Monday, October 19, 2015

... San Francisco treats

During most of last week I was in San Francisco to attend a conference.  I arrived on Wednesday afternoon and the conference didn't start until Friday evening and all day Saturday.  A colleague was with me and it was later in the afternoon on Wednesday when we arrived and checked into our hotel in Union Square.  So the first evening was spent in Chinatown and eating at a North Beach neighborhood Italian restaurant.  We met up with a friend of mine from all the way back to graduate school who has lived in S.F. for over twenty years and we had a great evening together eating and catching up.

On Thursday morning Mary returned to pick us up for a day outdoors at Crissy Park and the Golden Gate Bridge.  Amongst looking at a many other things, I was able to get a little birding in.


Immediately upon stepping out of the car the first bird I saw was this little cutie - the very photogenic Black Phoebe.


I love this photo for the composition of it.  Western Gull in the foreground, casting fisherman and shack in the background and steamer and Alcatraz Island in the far background.


I'm terrible at gulls.  I finally decided that this is a Western Gull and they were plentiful and rather tame in this very touristy area.  Also in the water were Pelagic Cormorants.  While looking at the gulls,  a small tern was flying around that I finally decided was a Forster's tern, which surprised me.


The iconic Golden Gate bridge was beautiful this morning.  I took dozens of photos.


Song Sparrow (Melospiza melodia) in coastal California is so much darker with bolder, very dark breast streaking.  Their song, too, is different but still unmistakable.


Bridge sentries, two Ravens were perched on one of the bridge's cement pillars.


As we were leaving the bridge (we had walked to the first main support) I saw a bird fly into a nearby cluster of conifers.  Red-shouldered Hawk! 


Later in the afternoon, after a lunch of dim sum at a traditional Chinese dining room, we drove by Land's End for a quick look.


A Brewer's Blackbird perched in the parking lot is all eye.


The above photo shows the difference in the Pacific coastal White-crowned Sparrow from our larger, interior bird.  Note the yellow bill and the overall smaller appearance of the bird although, without a comparison bird in the photo, this is subjective.  If you have seen a lot of White-crowned Sparrows, you can just sort of see the size difference in this bird.


On Friday morning and afternoon I went to Golden Gate Park.  Hermit Thrushes were plentiful here.


Oregon-style Dark-eyed Juncos were also quite common.



I cannot resist a bathing Robin.  This one at the main entrance of the Botanical Garden.



I saw several Townsend's Warblers and thought I would never get a photo until this one cooperated.



Altogether I saw three California Towhees.  This one was in the Asian Garden.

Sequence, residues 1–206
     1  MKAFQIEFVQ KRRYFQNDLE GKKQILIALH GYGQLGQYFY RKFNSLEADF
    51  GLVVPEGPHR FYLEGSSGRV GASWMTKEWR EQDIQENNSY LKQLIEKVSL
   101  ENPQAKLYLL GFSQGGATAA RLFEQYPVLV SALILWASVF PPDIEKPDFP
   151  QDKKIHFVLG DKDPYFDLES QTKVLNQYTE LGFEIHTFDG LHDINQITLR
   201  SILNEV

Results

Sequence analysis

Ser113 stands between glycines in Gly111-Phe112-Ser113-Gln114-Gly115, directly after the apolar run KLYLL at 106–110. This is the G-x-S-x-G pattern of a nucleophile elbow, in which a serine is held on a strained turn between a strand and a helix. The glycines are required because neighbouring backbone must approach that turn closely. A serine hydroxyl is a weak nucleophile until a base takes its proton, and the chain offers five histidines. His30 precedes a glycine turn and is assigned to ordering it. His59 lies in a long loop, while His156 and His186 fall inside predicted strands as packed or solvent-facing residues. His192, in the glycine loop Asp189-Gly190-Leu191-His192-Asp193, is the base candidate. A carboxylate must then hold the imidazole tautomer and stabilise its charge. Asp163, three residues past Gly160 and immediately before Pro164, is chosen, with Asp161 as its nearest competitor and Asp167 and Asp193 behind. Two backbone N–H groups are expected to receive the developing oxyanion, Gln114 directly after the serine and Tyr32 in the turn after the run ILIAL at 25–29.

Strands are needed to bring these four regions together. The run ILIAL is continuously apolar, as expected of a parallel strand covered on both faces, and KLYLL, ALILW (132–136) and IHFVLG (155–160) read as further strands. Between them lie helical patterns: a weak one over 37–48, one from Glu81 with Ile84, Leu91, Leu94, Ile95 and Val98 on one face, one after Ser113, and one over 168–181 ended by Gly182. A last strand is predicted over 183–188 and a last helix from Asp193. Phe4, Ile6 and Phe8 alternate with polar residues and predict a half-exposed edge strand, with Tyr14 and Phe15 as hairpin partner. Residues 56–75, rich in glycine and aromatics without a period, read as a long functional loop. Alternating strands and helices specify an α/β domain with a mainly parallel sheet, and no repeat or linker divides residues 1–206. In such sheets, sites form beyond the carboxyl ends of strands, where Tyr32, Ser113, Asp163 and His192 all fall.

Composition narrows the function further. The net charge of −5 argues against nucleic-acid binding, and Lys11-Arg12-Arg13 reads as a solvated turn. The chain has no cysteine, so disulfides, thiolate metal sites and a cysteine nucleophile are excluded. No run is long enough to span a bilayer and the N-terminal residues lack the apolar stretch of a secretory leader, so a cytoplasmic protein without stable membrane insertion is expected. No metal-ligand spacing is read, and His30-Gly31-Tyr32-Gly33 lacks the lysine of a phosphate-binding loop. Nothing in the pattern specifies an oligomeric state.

Finally, a semi-sensible Fox Sparrow photo.

The best birding spot in the Botanical Gardens overall seemed to be the California native garden.  Here I found six sparrow species including Fox Sparrow and Lincoln's Sparrow. 


This was the bird I wanted a photo of most.  Every time I heard one I chased it down always to find it high up in a tree.  Finally, when I left the Botanical Garden and walked to the lake, I saw movement in a thicket.  A Stellar's Jay was eating seed that someone has placed on a large tree stump.


I love the two blue forehead stripes on this very beautiful bird.



Golden-crowned Sparrow found in the same thicket.


Another example of the dark Song Sparrow.  Both it and the Golden-crowned seemed to be trying for the seed on the stump but would only approach when the Stellar's Jay flew off.


On the lake, an out-of-focus Eared Grebe.  Initially I called this dull-plumaged bird a horned grebe but my friend Matt offered a correction. I have since seen a couple of photos of horned g. with a much different bill shape.   


A pretty nice photo of a female Ruddy Duck.


At first I didn't recognize this preening, and odd-looking, Hooded Merganser.


Pied Grebe

After circling the lake, I returned to the Botanical Garden to meet my colleague who also decided to visit the park.  We took another spin around the garden which is beautiful and well worth the $8 fee for non-San Francisco residents.  With my colleague we focused more on the plants and flowers.  By the early afternoon the sun had come out and it was warm.  For the first time all day a few butterflies were also seen - alas, none of which landed for photos.


Around 1:30 pm I reluctantly left Golden Gate Park (had my colleague not shown up I would have stayed until it was time to shower for the conference) and we had lunch at the Indian restaurant Marsala Dosa on 9th Avenue.


2 comments:

Jerry said...

Nice list, Cathy! Yes, those gulls are a pain to ID. Love the RSHA image!

Matt said...

The Townsend's pics are sweet!
I think the bill looks pretty thin and the head fairly dark on the grebe, I don't know which is more likely where you were, but I would lean towards Eared...